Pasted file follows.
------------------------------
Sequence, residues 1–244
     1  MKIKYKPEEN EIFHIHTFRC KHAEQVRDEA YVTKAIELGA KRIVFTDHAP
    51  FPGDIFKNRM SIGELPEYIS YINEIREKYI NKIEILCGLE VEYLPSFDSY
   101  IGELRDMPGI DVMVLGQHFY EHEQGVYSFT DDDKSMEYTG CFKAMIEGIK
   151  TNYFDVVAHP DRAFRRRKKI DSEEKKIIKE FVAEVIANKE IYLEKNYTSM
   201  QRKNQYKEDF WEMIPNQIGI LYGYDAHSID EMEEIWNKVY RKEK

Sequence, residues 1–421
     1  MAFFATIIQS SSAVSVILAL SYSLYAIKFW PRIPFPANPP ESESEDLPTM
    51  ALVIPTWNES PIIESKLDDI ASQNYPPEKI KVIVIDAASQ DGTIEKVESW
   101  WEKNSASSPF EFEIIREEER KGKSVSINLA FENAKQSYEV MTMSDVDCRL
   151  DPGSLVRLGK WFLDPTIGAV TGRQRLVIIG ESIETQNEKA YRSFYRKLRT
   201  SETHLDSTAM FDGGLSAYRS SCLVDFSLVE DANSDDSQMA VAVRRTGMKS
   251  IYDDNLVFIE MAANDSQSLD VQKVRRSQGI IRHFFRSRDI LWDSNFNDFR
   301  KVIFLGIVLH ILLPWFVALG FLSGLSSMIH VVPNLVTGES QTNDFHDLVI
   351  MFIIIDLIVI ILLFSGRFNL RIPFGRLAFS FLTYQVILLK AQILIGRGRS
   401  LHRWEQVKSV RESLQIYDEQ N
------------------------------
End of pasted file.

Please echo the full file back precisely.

Sequence, residues 1–244
     1  MKIKYKPEEN EIFHIHTFRC KHAEQVRDEA YVTKAIELGA KRIVFTDHAP
    51  FPGDIFKNRM SIGELPEYIS YINEIREKYI NKIEILCGLE VEYLPSFDSY
   101  IGELRDMPGI DVMVLGQHFY EHEQGVYSFT DDDKSMEYTG CFKAMIEGIK
   151  TNYFDVVAHP DRAFRRRKKI DSEEKKIIKE FVAEVIANKE IYLEKNYTSM
   201  QRKNQYKEDF WEMIPNQIGI LYGYDAHSID EMEEIWNKVY RKEK

Sequence, residues 1–421
     1  MAFFATIIQS SSAVSVILAL SYSLYAIKFW PRIPFPANPP ESESEDLPTM
    51  ALVIPTWNES PIIESKLDDI ASQNYPPEKI KVIVIDAASQ DGTIEKVESW
   101  WEKNSASSPF EFEIIREEER KGKSVSINLA FENAKQSYEV MTMSDVDCRL
   151  DPGSLVRLGK WFLDPTIGAV TGRQRLVIIG ESIETQNEKA YRSFYRKLRT
   201  SETHLDSTAM FDGGLSAYRS SCLVDFSLVE DANSDDSQMA VAVRRTGMKS
   251  IYDDNLVFIE MAANDSQSLD VQKVRRSQGI IRHFFRSRDI LWDSNFNDFR
   301  KVIFLGIVLH ILLPWFVALG FLSGLSSMIH VVPNLVTGES QTNDFHDLVI
   351  MFIIIDLIVI ILLFSGRFNL RIPFGRLAFS FLTYQVILLK AQILIGRGRS
   401  LHRWEQVKSV RESLQIYDEQ N